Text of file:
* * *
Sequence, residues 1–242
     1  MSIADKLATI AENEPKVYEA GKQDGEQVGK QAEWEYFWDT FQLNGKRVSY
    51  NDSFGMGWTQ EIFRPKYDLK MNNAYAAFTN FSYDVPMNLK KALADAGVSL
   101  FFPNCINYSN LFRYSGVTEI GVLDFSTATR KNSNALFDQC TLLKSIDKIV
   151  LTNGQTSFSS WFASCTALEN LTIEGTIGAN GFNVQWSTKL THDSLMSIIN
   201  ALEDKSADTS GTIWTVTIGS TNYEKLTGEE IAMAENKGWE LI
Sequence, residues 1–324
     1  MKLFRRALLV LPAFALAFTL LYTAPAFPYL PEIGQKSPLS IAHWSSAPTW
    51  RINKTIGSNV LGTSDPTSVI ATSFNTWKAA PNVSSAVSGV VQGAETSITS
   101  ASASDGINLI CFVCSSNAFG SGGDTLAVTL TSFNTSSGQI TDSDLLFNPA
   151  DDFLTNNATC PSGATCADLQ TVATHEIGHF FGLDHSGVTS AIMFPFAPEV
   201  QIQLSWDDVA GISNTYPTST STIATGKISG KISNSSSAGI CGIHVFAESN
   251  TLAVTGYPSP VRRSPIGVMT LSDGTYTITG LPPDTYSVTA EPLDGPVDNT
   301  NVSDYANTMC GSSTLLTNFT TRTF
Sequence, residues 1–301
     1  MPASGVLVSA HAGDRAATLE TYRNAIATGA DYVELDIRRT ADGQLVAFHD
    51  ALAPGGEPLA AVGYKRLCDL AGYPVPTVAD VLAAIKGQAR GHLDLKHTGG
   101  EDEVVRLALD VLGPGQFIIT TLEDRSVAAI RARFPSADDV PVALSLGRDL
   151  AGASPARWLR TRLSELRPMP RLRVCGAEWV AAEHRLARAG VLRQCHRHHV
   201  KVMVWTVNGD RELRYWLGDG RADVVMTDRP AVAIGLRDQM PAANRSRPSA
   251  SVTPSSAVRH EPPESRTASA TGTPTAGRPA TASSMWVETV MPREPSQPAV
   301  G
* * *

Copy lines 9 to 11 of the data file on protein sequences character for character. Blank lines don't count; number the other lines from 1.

    51  RINKTIGSNV LGTSDPTSVI ATSFNTWKAA PNVSSAVSGV VQGAETSITS
   101  ASASDGINLI CFVCSSNAFG SGGDTLAVTL TSFNTSSGQI TDSDLLFNPA
   151  DDFLTNNATC PSGATCADLQ TVATHEIGHF FGLDHSGVTS AIMFPFAPEV